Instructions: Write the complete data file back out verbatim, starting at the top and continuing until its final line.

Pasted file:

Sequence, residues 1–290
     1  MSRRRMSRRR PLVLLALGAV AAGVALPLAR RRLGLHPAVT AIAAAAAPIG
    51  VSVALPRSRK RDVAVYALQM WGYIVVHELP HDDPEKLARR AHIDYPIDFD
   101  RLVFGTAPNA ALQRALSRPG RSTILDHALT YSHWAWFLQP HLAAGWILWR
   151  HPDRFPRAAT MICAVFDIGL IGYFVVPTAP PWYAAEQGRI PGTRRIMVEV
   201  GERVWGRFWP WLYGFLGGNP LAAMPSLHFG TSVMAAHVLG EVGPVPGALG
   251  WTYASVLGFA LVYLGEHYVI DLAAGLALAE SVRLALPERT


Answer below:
Sequence, residues 1–290
     1  MSRRRMSRRR PLVLLALGAV AAGVALPLAR RRLGLHPAVT AIAAAAAPIG
    51  VSVALPRSRK RDVAVYALQM WGYIVVHELP HDDPEKLARR AHIDYPIDFD
   101  RLVFGTAPNA ALQRALSRPG RSTILDHALT YSHWAWFLQP HLAAGWILWR
   151  HPDRFPRAAT MICAVFDIGL IGYFVVPTAP PWYAAEQGRI PGTRRIMVEV
   201  GERVWGRFWP WLYGFLGGNP LAAMPSLHFG TSVMAAHVLG EVGPVPGALG
   251  WTYASVLGFA LVYLGEHYVI DLAAGLALAE SVRLALPERT